Chiesa, A. and P. Malinowski (2011). "Mindfulness-based approaches: are they all the same?" J Clin Psychol 67(4): 404-424.
Mindfulness-based approaches are increasingly employed as interventions for treating a variety of psychological, psychiatric and physical problems. Such approaches include ancient Buddhist mindfulness meditations such as Vipassana and Zen meditations, modern group-based standardized meditations, such as mindfulness-based stress reduction and mindfulness-based cognitive therapy, and further psychological interventions, such as dialectical behavioral therapy and acceptance and commitment therapy. We review commonalities and differences of these interventions regarding philosophical background, main techniques, aims, outcomes, neurobiology and psychological mechanisms. In sum, the currently applied mindfulness-based interventions show large differences in the way mindfulness is conceptualized and practiced. The decision to consider such practices as unitary or as distinct phenomena will probably influence the direction of future research.
Feygin, D. L., J. E. Swain, et al. (2006). "The normalcy of neurosis: evolutionary origins of obsessive-compulsive disorder and related behaviors." Prog Neuropsychopharmacol Biol Psychiatry 30(5): 854-864.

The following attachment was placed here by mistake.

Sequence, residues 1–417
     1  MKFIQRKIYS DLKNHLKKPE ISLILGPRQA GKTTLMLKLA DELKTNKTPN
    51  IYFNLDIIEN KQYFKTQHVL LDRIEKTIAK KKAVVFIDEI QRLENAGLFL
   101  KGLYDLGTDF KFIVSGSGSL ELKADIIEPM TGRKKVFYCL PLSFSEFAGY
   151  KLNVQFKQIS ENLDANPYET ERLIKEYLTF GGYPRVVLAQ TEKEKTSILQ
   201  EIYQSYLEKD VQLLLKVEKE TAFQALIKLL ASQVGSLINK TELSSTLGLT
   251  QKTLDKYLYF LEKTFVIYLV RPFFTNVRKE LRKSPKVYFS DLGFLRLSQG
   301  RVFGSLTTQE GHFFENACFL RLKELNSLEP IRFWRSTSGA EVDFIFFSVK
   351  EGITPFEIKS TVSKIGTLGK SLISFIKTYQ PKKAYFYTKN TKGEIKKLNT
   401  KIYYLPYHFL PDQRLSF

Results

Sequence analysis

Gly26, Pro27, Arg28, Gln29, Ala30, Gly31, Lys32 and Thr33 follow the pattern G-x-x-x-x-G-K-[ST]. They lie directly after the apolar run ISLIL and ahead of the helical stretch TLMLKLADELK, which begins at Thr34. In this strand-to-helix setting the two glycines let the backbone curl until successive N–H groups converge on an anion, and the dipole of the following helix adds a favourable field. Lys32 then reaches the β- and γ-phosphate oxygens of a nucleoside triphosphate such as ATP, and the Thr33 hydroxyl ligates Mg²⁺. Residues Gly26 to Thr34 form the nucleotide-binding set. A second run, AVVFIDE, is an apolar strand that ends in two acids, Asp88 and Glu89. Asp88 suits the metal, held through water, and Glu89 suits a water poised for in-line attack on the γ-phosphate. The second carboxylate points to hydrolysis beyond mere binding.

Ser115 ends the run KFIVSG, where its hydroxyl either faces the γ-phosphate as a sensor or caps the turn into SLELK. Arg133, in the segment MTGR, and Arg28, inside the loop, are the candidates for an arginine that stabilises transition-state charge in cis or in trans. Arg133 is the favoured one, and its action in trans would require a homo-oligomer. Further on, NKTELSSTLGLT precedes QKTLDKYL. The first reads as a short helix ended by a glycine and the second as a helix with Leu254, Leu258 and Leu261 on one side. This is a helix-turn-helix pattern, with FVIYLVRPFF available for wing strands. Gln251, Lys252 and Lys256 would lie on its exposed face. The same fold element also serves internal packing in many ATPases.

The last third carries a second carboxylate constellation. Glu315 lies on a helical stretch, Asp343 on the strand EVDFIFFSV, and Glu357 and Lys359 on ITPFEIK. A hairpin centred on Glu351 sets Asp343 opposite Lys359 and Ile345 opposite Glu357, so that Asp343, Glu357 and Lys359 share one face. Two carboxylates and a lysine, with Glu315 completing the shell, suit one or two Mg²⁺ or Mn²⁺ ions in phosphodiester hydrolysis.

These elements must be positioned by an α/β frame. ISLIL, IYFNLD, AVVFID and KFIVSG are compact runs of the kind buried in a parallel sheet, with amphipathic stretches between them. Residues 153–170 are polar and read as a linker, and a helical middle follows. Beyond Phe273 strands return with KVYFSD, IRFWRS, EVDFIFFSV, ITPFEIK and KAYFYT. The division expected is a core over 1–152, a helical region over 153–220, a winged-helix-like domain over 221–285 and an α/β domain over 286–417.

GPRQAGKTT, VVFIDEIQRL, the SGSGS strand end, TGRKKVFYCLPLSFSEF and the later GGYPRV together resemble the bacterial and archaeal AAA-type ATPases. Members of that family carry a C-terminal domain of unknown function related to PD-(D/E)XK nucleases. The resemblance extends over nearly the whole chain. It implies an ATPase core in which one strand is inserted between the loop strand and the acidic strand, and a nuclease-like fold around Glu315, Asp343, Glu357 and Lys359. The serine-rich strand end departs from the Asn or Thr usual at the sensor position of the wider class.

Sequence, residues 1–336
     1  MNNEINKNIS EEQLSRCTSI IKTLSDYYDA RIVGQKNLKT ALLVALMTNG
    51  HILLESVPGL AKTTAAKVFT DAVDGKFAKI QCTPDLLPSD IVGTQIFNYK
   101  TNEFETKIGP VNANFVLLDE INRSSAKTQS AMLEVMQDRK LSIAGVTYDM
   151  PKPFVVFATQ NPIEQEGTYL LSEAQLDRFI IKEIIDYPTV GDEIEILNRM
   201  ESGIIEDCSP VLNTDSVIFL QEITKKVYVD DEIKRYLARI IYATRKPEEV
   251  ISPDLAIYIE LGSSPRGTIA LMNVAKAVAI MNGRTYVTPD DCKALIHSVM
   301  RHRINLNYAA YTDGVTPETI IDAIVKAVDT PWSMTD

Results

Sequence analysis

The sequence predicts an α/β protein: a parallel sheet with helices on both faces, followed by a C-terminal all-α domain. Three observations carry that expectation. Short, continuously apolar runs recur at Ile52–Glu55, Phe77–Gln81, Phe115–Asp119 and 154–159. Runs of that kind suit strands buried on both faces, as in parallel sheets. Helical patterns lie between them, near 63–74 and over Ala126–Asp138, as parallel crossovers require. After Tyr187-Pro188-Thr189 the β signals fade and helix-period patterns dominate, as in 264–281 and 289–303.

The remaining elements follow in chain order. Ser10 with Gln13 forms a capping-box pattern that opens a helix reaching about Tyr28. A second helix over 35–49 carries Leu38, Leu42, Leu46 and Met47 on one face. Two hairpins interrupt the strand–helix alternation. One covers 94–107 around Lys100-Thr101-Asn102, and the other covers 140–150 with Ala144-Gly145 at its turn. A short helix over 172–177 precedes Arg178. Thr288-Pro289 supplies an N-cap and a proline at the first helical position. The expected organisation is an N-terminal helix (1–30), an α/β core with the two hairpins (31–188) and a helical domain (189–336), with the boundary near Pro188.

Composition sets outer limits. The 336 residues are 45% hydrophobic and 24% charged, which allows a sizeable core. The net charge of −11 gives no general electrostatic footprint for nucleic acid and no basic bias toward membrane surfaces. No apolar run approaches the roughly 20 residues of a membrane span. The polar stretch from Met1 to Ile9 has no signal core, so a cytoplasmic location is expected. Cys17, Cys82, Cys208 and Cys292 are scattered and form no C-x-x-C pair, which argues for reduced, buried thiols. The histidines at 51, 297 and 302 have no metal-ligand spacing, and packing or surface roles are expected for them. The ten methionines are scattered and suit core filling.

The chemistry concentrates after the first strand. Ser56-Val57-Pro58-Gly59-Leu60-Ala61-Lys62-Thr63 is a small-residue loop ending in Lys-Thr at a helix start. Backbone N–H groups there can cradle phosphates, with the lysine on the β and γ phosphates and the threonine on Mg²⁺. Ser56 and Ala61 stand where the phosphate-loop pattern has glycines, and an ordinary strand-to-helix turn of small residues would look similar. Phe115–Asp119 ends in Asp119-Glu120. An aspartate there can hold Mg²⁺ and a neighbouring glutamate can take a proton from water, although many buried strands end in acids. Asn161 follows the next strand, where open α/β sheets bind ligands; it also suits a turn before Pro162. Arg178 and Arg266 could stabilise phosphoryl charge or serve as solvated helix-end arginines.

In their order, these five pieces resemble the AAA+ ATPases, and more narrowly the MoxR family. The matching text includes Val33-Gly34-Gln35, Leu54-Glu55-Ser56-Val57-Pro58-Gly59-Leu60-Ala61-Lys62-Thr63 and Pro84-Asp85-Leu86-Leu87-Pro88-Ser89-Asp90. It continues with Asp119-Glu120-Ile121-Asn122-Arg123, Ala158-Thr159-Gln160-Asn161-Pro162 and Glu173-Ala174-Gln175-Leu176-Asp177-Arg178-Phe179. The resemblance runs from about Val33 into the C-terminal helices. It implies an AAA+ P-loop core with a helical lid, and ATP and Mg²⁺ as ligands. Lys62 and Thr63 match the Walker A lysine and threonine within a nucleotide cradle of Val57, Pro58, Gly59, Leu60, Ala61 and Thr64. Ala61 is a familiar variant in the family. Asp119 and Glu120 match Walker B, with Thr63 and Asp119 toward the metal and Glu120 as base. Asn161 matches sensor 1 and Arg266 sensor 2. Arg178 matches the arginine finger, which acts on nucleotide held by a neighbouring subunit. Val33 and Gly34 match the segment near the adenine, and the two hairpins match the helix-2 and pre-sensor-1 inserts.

One of the most curious questions plaguing subscribers of evolutionary theory is how natural selection's fine-tuned editing function could allow disease to persist. For evolutionary psychiatrists, the existence of psychopathology is thus perplexing. To illustrate a potential answer to one instance of this broad question, we examine the correlates of obsessive-compulsive disorder (OCD) within our normal repertoire of thought and action. The evidence presents a picture of OCD as a dysregulation of normal behaviors and mental states throughout the course of human development. We speculate that such correspondence may be more than a coincidence and that OCD is a consequence of a dysregulation of the neural circuits that are crucially involved in threat detection and harm avoidance. These neural systems are also likely to underlie aspects of religious experience and ritual as well as the wonders of romantic and early parental love.
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Kimberly Burnham, PhD
(860) 221-8510 (PST)
Kimberly Burnham, PhD
With a PhD in Integrative Medicine, Kimberly Burnham is an expert in brain health, working with people with Parkinson's, Macular degeneration, Multiple Sclerosis, Huntington's ataxia, Diabetic Neuropathy, Autism and more.. She blogs regularly on SpokaneFavs, an Interfaith news site, Inner Child Press Magazine with a column entitled Community of Humanity and writes for the Reform Judaism site.